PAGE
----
Characterful former fishing village with pretty waterfront, small shops and cafés and a dramatic Venetian fortress.
Petrovac town beach is good for snorkelling and water sports. Nearby Lucice is the one for beach bars and cute cafés.
With a three kilometre long beach, mountain views and a classically elegant prom, Becici couldn’t fail to be the perfect Balkan seaside resort. It’s less than 70 years old, but Budva’s a short walk away to fill the ancient history requirement, leaving Becici to get on with serving up fantastic seafood, organising water sports, mixing cocktails and generally looking after everyone beautifully.
Excellent range of places to stay from five-star luxury hotels to good value apartments and all-inclusive family resorts.
Traditional promenade lined with pretty cafés and craft shops.
20 minutes walk from Budva old town and closer still to Rafailovici; a old fishing village well known locally for good seafood restaurants.
What to do
Lake Skadar National Park Centred around the largest lake in the Balkans, this wetland natural park is a true, unspoiled wilderness adventure just an hour’s drive north east of Budva. The only buildings are ancient monasteries, churches and tiny hamlets. A haven for rare water birds and wildlife it’s wonderful for walking, hiking and sailing.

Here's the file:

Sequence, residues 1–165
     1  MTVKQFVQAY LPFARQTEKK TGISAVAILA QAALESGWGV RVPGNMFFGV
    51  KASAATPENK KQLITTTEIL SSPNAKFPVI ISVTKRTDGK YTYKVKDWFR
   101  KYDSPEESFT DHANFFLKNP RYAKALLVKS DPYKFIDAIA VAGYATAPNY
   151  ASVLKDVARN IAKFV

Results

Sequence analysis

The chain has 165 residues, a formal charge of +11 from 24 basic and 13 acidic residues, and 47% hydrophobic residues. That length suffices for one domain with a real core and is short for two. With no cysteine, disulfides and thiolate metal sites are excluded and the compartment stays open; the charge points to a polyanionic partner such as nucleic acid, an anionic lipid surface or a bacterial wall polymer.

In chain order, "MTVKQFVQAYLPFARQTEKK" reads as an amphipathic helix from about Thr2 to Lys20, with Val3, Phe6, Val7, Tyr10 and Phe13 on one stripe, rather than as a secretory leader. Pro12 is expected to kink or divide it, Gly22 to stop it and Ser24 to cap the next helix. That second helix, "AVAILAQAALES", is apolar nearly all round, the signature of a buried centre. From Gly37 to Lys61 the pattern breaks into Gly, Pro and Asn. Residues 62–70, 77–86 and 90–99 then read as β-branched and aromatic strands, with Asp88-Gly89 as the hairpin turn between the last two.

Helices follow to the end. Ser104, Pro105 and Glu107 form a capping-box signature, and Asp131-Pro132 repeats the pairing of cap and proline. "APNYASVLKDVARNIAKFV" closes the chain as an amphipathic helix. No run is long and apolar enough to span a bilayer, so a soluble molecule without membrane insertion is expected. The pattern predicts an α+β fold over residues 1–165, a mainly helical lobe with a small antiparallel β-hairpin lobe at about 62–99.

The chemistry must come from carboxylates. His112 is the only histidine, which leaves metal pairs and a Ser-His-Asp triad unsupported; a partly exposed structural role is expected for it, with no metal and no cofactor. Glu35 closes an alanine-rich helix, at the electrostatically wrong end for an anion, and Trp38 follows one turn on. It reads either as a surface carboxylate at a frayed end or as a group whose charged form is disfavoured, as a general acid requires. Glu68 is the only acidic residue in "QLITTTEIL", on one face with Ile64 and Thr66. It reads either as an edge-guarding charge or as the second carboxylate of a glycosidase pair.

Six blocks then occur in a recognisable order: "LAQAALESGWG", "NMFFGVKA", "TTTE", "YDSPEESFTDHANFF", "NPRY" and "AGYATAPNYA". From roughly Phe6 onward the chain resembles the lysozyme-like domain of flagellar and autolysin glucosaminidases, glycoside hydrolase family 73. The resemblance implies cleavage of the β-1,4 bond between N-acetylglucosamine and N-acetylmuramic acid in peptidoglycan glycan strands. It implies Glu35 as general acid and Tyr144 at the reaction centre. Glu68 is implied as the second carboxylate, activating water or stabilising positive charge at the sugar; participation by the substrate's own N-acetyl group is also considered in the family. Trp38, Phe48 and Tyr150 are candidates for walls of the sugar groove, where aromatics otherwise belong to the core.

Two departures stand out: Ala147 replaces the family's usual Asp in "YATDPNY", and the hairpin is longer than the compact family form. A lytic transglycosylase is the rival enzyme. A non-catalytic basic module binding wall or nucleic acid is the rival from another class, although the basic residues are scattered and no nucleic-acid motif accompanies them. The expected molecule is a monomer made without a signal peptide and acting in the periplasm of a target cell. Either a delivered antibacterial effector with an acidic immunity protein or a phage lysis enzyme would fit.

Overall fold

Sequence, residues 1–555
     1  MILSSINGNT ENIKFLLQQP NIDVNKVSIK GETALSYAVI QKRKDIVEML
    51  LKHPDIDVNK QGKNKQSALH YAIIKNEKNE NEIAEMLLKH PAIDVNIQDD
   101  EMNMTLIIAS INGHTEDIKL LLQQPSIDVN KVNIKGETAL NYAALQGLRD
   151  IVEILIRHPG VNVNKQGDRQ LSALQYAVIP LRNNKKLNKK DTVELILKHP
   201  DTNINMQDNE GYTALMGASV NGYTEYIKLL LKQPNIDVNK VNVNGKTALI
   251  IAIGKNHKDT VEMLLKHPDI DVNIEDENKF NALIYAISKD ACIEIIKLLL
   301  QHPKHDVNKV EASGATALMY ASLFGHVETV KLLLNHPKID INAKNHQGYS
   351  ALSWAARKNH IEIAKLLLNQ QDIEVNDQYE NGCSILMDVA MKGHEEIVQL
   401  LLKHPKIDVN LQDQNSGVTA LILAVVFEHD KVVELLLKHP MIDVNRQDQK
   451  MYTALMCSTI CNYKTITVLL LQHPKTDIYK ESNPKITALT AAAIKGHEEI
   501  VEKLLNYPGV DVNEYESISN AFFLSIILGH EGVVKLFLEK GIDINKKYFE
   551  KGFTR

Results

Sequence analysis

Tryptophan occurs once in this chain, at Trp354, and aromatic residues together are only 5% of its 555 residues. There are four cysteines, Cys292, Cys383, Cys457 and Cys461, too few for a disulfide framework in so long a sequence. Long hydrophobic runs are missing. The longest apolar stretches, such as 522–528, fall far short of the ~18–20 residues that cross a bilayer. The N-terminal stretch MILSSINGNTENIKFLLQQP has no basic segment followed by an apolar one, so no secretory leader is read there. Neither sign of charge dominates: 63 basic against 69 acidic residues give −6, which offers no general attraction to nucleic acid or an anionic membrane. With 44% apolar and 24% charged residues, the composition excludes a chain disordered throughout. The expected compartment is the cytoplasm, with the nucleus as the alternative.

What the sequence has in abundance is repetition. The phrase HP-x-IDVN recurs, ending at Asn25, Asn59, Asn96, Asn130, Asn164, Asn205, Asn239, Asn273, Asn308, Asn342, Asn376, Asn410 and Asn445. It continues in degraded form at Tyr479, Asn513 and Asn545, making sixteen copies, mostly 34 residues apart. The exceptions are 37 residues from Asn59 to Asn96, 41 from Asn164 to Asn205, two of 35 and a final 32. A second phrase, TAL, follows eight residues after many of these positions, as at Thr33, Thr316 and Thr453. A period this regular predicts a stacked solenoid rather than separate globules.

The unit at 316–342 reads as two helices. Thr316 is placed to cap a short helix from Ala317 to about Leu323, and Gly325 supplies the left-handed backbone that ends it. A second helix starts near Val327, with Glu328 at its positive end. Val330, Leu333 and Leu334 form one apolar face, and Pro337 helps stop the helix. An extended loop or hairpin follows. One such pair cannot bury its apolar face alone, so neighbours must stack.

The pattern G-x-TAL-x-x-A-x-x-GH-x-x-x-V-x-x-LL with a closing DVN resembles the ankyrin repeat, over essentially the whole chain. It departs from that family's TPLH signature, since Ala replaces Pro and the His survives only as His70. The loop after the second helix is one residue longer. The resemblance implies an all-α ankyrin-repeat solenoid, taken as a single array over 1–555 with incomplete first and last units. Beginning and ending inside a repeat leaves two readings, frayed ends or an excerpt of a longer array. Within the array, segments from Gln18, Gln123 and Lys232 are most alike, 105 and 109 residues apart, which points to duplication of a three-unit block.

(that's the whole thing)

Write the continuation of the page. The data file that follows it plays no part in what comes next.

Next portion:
Our Lady of the Rocks The church of Our Lady of the Rocks is on the little island of Gospa od Skrpjela a short sail from Perast. The church museum’s a mine of strange tales and filled with eccentric artefacts.
Ulcinj Beaches An hour’s drive east of Budva, the Ulcinj Coast is on the Albanian border and has some of the country’s biggest, sandiest beaches. This is where to find 12km long Velika Plaža.
The Ladder of Kotor The Ladder of Kotor is really an ancient drovers route from the 940m high Krstac Pass down to Kotor Old Town. Can be done as a hike or on mountain bikes, either way the views of the bay are astonishing.
Bay of Kotor cycling tour An easy going, self-guided cycle tour round the beautiful Bay of Kotor, starting and finishing in the historic city.